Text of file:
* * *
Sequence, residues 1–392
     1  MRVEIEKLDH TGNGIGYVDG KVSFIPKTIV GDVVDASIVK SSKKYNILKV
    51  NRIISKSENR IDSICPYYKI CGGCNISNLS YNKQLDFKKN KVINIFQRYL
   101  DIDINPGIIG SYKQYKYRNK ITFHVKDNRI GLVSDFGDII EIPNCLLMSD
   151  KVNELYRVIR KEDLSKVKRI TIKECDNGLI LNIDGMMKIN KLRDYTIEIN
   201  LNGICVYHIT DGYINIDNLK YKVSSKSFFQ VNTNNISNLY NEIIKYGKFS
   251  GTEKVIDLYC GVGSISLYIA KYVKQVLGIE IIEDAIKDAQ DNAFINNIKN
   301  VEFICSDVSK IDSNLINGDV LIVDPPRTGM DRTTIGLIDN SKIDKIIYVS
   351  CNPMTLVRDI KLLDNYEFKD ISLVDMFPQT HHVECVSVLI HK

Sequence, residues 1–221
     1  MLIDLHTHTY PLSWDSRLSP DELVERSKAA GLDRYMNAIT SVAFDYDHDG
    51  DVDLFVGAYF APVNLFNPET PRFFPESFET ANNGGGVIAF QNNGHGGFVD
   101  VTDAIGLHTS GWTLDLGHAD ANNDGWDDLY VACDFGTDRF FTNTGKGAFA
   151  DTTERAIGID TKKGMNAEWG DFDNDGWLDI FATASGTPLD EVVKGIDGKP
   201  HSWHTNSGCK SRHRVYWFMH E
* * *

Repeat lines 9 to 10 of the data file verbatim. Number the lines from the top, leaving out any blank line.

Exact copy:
   351  CNPMTLVRDI KLLDNYEFKD ISLVDMFPQT HHVECVSVLI HK

Sequence, residues 1–221